Low level air pollution costs the economy billions of dollars in lost productivity

Prof. Joshua Graff Zivin argues policy makers should be thinking of environmental protection as an investment in our economy.
At air pollution levels well below current regulatory standards in the U.S., researchers found impacts of air pollution on call centre work productivity. (Andrew Ross/AFP/Getty)
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Air pollution affects more than just our health

Air pollution delivers subtle effects that can have lasting negative impacts on our brain function, a new policy paper suggests.

We've known for some time that air pollution from vehicles or industry is associated with a host of health issues, everything from an increased risk of cardiovascular disease, to a worsening of respiratory issues, like asthma, and even death. 

According to the lead author of a new policy forum paper in the journal Science, those health issues are just the tip of the iceberg. Dr. Joshua Graff Zivin, a professor of economics in the School of Global Policy and Strategy and the Department of Economics at the University of California San Diego, says there are more subtle effects — a hidden cost to air pollution, we should also be considering. 

"What we're learning is that at severe levels, pollution clearly impacts respiratory and cardiovascular function," says Graff Zivin. "Those same impacts at more subtle levels simply impair our ability to do every day tasks. Of course, the brain is the largest or most oxygen organ in our body. And so, if pollution is impairing the oxygen that's being delivered to ourselves, it stands to reason that pollution could impact our brain function as well." 

What it's costing us

At air pollution levels well below current regulatory standards in the United States, Graff Zivin says they've found impacts of air pollution on agricultural, manufacturing, and call centre work productivity.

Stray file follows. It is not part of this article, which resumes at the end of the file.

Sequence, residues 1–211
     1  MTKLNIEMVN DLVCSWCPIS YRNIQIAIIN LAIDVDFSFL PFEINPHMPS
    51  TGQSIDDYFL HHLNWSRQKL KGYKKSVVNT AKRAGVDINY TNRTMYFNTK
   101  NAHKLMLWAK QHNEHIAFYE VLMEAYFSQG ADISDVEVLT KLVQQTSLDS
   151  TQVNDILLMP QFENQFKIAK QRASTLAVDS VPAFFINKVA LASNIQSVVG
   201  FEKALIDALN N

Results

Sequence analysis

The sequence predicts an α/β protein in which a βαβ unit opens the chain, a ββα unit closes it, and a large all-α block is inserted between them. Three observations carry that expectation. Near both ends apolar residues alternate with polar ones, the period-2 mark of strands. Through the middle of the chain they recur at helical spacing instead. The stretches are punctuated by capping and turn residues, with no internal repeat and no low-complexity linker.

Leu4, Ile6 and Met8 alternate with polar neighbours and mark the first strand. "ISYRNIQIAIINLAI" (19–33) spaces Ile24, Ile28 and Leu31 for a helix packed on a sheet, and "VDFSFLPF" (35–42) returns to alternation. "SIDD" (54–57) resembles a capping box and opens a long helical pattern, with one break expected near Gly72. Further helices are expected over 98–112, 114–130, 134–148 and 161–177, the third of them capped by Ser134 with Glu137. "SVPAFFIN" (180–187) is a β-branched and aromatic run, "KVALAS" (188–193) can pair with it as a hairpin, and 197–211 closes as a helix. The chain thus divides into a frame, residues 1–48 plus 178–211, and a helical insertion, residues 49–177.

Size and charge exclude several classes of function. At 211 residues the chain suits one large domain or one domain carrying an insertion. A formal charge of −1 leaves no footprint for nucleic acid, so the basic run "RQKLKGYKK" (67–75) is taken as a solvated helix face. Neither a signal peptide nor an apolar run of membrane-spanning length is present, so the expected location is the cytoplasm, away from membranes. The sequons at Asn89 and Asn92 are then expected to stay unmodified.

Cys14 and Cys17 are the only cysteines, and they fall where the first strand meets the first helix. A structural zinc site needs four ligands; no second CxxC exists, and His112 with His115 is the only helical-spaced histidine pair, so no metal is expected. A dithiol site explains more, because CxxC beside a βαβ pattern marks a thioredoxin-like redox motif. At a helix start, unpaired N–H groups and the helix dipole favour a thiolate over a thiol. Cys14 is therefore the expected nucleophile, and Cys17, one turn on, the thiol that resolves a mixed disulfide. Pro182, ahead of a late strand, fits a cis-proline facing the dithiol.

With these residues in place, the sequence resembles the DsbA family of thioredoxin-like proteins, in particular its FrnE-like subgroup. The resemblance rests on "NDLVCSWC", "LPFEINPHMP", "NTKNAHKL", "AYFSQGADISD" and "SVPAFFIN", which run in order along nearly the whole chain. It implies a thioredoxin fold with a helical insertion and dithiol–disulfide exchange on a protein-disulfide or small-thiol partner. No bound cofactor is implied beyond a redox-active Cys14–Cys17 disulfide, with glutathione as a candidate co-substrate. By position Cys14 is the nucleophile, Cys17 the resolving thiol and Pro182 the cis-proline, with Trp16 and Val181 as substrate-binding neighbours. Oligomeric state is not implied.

If pollution is impairing the oxygen that's being delivered to ourselves, it stands to reason that pollution could impact our brain function as well.- Joshua Graff Zivin

There is also a new line of research where evidence is showing that exposure to low level air pollution to the fetus or in the first year of life when the brain is still developing, can have lasting negative cognitive impacts. "There are a range of studies now that have shown that even a short amount of exposure to modest levels of pollution in utero and the first year of life leads to demonstrable impacts on intellectual performance on standardized tests in middle school, in high school," says Graff Zivin. "We also find from other studies that we even see the imprints of that exposure 30 years later on the earnings of workers."

A range of studies suggest that exposure to modest levels of pollution in the womb and the first year of life leads to demonstrable impacts on intellectual performance on standardized tests. (Attila Kisbenedek/AFP/Getty)

The bottom line

Contrary to popular belief that environmental regulation is a strain on economic activity and growth, Graff Zivin says policy makers should be thinking of environmental protection as an investment in our economy. 

"If you take the effects, for example, of light manufacturing that we've identified in a plant in northern California and we apply them to the manufacturing sector in the United States alone, and we think about — for example, we've seen great progress in fine particulate matter pollution abatement over the past decade or so. If we look at simply the reduction in ambient particulate matter levels from 1999 to 2008 and we think about what done for labour productivity, it's the equivalent of about 20 billion dollars a year in labour savings." 

Policy makers should be thinking of environmental protection as an investment in our economy, a researcher says. (Pixabay)

He says these patterns exist across all sectors and settings, but they'll need to do more research before they can determine how much this loss in productivity and cognitive abilities adds up to.